The religious story of the past few days has been the news that the Pope has extended an olive branch to disaffected members of the Anglican Communion (Church of England/Church in Wales etc). The full details will not emerge for another two weeks but it appears that an accommodation is to be made in which Anglican priests and parishioners will be welcomed into the Roman Catholic Church and maintain their current status.
Commentators are agreed that this is a very big deal, perhaps the most important shift in relations between the two churches for hundreds of years. What the talking heads are also agreed on is that politically, this is a brilliant manoeuvre by the Pope. After almost forty years of negotiation and consultation, the Pope has sidestepped the Archbishop of Canterbury in a move Shane Williams would be proud of, and made a direct appeal to the to the Anglo-Catholic stream of Anglicanism. The Archbishop has been left looking like a flatfooted defender as he confessed in a letter to his bishops “I am sorry that there has been no opportunity to alert you earlier to this; I was informed of the planned announcement at a very late stage.”
As a Christian who has spent most of my life in independent churches, I must confess that I find the established church very confusing. The three streams of Anglicanism (it seems wrong to describe something as having three wings) are very different. Firstly, the Evangelicals, the stream to which I feel an affinity, and who have had a considerable positive impact on the whole church. Then the Anglo-Catholics or high church, for whom church traditions are very important, and finally, the Liberals, who don’t appear to believe in anything apart from the need to move with the times. These streams share communion yet from the outside it’s difficult to see the common ground.
In the west, the Liberals have won victories with the ordination of women (supported by some evangelicals), described by the influential Roman Catholic Cardinal Kasper as a block to further unity, and soon the ordination of women bishops, not to mention the appointment of openly gay bishops in the USA. These victories have left the remaining streams facing difficult decisions and feeling isolated and it is in these circumstances that the Pope has made his appeal to the Anglo-Catholics.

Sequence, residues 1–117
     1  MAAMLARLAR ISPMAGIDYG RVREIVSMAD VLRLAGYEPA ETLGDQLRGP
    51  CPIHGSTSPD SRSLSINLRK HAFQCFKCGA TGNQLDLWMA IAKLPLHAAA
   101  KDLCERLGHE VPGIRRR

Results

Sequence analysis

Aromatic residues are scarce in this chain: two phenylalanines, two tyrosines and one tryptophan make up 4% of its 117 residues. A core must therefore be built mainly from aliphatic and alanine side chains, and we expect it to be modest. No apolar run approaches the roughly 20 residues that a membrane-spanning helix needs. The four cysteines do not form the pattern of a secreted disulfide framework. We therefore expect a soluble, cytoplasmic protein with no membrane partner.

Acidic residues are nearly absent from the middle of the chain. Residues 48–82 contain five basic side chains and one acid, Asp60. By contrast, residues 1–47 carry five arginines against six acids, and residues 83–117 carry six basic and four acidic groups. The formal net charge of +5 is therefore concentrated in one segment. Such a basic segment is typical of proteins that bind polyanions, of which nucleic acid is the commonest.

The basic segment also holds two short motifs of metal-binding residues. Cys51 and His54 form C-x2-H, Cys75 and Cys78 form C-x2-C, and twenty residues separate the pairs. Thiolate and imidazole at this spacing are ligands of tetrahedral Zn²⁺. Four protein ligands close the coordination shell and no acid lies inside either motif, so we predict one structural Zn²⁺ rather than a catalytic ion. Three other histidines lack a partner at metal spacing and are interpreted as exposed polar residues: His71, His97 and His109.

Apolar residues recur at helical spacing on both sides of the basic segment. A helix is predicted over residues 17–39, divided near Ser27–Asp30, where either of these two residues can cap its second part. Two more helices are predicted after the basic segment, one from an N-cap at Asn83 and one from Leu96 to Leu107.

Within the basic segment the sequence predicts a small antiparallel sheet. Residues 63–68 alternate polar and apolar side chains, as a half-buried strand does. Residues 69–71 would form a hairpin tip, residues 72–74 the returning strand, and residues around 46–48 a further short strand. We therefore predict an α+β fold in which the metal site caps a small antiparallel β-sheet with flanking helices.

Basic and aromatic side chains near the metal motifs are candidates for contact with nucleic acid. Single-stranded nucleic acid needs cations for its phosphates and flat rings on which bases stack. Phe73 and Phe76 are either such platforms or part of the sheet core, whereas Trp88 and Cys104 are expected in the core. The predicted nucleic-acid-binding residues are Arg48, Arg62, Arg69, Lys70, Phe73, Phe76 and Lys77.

The implications are monumental for those tempted to cross to Rome, in that although there would be unity on some issues, huge stumbling blocks that have existed for centuries would remain like elephants in the room. There would be Papal authority, the position of Mary and the Mass to point out the obvious, not to mention the practicalities of individual congregations, priests and buildings. There would also be problems for Rome with an influx of married clergy into a communion that advocates celibacy for its priests.
I am forced to ask myself, is this brilliant political move merely that… a brilliant political move. That is, to play politics? The leadership model that Christ advocates is pictured in himself, one who came to be a servant and washed his disciples’ feet. He taught;
“You know that those who are regarded as rulers of the Gentiles lord it over them, and their high officials exercise authority over them. Not so with you. Instead, whoever wants to become great among you must be your servant, and whoever wants to be first must be slave of all. For even the Son of Man did not come to be served, but to serve, and to give his life as a ransom for many.” (Mark 10:42-45)
It may be unfair but there seems to be little room in scripture for the maneuvers that we are currently witnessing.
In all this discussion of who can get together with whom and who gets what, it is easy to miss the point. The Christian faith is not about empires, politics and buildings; it is about a personal faith in Christ and in what he has achieved for us at Calvary.
Paul tells Timothy that “there is one God and one mediator between God and men, the man Christ Jesus” (1 Timothy 2:5) and the writer to the Hebrews opens up the wonderful picture of Christ the Great High Priest. That means believers have a direct relationship and not a chain of command. Paul also tells the Philippians that knowing Christ is really what it’s all about, everything else is rubbish when compared. The Lord Jesus calls people into a relationship with God through him, an intimate relationship where they walk by the power of the Holy Spirit and live in the way that God intended.
The Anglican Church is an easy target for those who would like to mock, it is after all the most visible expression of the Christian faith in our land. For other Christians to join in the mocking would be I believe a mistake, when one part of the body suffers, we all suffer.
Rowan Williams could yet surprise us with a bone crunching tackle; after all he does have an uncanny resemblance to the former Wales captain and open side flanker from the early 1970s, John Taylor.
Let us pray for Anglican Christians as they seek to live out the gospel at this difficult time and that God’s word will be a lamp to their feet and a light to their path.